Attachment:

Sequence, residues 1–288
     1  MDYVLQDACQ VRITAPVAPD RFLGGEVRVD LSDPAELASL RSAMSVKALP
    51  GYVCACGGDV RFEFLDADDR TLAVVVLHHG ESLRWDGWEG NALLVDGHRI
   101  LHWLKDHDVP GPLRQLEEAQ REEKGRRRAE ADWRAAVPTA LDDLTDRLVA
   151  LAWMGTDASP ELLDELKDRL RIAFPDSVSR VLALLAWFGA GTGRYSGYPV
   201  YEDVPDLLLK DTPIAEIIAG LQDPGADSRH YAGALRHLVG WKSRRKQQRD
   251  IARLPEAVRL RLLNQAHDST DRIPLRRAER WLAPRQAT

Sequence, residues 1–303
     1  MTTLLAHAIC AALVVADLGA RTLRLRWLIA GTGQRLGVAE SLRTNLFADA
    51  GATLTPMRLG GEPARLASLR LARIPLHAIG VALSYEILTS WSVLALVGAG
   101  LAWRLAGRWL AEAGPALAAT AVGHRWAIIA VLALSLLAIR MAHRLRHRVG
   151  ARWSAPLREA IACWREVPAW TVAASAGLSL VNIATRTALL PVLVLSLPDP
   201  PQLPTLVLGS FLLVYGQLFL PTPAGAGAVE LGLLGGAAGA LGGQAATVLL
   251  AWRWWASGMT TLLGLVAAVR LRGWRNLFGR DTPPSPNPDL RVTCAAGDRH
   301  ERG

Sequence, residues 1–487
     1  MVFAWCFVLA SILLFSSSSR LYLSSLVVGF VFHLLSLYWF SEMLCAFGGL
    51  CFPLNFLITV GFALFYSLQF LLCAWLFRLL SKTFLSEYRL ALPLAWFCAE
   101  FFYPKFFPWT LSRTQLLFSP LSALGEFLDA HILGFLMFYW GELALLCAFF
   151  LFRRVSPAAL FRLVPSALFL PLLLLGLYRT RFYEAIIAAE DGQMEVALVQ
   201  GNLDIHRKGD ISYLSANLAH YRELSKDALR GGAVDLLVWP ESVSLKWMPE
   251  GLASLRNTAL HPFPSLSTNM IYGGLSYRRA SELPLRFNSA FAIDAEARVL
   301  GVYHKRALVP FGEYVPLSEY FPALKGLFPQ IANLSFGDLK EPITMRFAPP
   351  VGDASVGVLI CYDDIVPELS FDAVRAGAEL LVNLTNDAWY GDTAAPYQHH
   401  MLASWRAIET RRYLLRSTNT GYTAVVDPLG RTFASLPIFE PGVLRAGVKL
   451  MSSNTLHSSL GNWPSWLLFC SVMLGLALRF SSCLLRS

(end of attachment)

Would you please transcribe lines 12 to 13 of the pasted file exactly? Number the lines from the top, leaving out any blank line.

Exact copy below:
   151  ARWSAPLREA IACWREVPAW TVAASAGLSL VNIATRTALL PVLVLSLPDP
   201  PQLPTLVLGS FLLVYGQLFL PTPAGAGAVE LGLLGGAAGA LGGQAATVLL